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This summer, Marketplace Tech is exploring tech in movies. Today, we’re looking at the Bruce Willis classic “Armageddon,” which was the highest-grossing film of 1998. That was 20 years ago, and fans still love the movie today. Willis’ character, Harry Stamper, is a "deep core" oil driller sent into space to drill a hole and drop a bomb in an asteroid that is hurtling toward Earth. We meet Harry on an offshore oil rig, managing a surly crew, with oil flying everywhere.

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This summer, Marketplace Tech is exploring tech in movies. Today, we’re looking at the Bruce Willis classic “Armageddon,” which was the highest-grossing film of 1998. Willis’ character, Harry Stamper, is a "deep core" oil driller sent into space to drill a hole and drop a bomb in an asteroid hurtling toward Earth. We meet Harry on an offshore oil rig, managing a surly crew, with oil flying everywhere. It's a depiction of oil-drilling life that has stuck with the public, but has very little to do with reality.

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Updated at 10:04 a.m. ET

More than 300 news publications across the country are joining together to defend the role of a free press and denounce President Trump's ongoing attacks on the news media in coordinated editorials publishing Thursday, according to a tally by The Boston Globe.

Russian officials were in Turkey on Tuesday, talking with the government there about possible solutions for Turkey’s currency crisis. Both countries are also facing U.S. sanctions, so one idea they floated: Stick to their own national currencies for trade and avoid using the dollar at all. On top of that, Russian Foreign Minister Sergey Lavrov echoed statements from President Vladimir Putin that the United States is “abusing” its role as a global reserve currency. 

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A guide to the corporate board

Aug 15, 2018

Tesla CEO Elon Musk is in some hot water with regulators. That tweet he tossed off last week — when he went public about possibly taking Tesla private and having the funding already lined up — unleashed a raft of lawsuits. And members of Tesla’s board of directors are reportedly lawyering up. What do they have to worry about? Just about everything Musk does that could hurt shareholders. It comes with the territory.  

Cryptokitties have gripped the nation. Well, some of the nation. Cryptokitties are digital cartoon cats that you can buy and sell using a cryptocurrency known as Ethereum. There's a real and active market for them, and they rise and fall in value, just like stocks or bonds. One cryptokitty recently sold for $140,000. And the company that creates these non-fungible felines recently landed a $12 million cash injection from venture capitalists.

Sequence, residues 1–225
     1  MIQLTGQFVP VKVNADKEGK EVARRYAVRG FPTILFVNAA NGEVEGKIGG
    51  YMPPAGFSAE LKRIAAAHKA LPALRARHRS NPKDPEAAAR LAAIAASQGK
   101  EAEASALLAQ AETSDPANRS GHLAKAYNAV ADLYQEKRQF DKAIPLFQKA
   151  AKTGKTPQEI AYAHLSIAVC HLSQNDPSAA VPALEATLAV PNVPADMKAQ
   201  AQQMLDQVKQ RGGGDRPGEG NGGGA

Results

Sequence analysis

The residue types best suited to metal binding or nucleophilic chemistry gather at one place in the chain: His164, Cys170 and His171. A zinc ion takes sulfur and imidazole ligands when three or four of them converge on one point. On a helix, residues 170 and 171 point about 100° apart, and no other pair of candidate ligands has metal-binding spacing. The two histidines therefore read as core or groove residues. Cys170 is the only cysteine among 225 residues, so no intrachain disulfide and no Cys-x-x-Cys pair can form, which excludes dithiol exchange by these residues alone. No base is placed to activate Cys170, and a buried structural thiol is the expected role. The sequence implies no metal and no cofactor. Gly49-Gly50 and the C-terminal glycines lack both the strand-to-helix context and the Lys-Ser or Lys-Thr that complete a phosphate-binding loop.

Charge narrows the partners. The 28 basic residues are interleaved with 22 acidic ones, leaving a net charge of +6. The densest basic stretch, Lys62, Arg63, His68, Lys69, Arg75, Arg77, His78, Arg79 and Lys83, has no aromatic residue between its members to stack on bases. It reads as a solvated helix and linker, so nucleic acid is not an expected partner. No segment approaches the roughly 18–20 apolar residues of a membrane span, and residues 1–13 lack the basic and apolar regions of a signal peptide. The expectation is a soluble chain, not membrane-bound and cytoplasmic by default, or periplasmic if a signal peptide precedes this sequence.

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Bonita Carlson grew up on a ranch in Northeast Wyoming. One time her mom was gone and she helped out with the laundry. Along with her clothes she threw in some of her dad's shirts.

"When I opened the washing machines [I] saw all of his records from the whole year of that calf crop ... was destroyed in the washing machines," recalls Carlson.

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There are a bunch of historical anniversaries in August. The Watts riots happened 53 years ago. Woodstock was 49 years ago today in fact. And then there's the 46th anniversary of Wattstax.

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Alton Lane CEO doesn't want shopping to feel like shopping

Aug 15, 2018

Today's retail landscape is full of companies trying to find a way to keep customers coming to brick-and-mortar stores, but Colin Hunter's company is going after customers who may not be all that interested in shopping in the first place. Hunter is the CEO and co-founder men's clothing retailer Alton Lane, which uses data, technology and the idea that clothes shopping isn't most men's idea of a good time in order to find an edge. Marketplace host Kai Ryssdal spoke to Hunter about his company. The following is an edited transcript of their conversation. 

Determined to combat New Zealand's lofty housing prices, the country's lawmakers have trained their aim at a distant target: the buyers beyond their borders. By a close vote Wednesday, the Parliament passed a law banning most nonresident foreigners from purchasing existing homes or residential land.

What if we just do MAFTA and CAFTA instead?

Aug 15, 2018

It's been a year since the United States started NAFTA renegotiations with Canada and Mexico. Since then, Mexico has elected a new president and the U.S. has engaged in several controversial trade maneuvers. So are we any closer to signing a new deal? We'll catch you up. Also on today's show: We're hearing a lot from Elon Musk these days but what’s happening with Tesla and its board? Plus, another installment of our series Corner Office. This time we talk to Colin Hunter, co-founder and CEO of Alton Lane, about the future of men’s fashion retail.

Subscription box services may be the big apparel movement right now, but tech and data are allowing at least one company to go in a very different direction: custom tailoring. Colin Hunter is the CEO and co-founder of high-end men's fashion company Alton Lane, and his goal is to make that retail experience personal — like, really personal. His company uses body scanners to get your body measurements in a matter of seconds, which are then sent to fabric makers who construct garments to order (which, of course, is not cheap).

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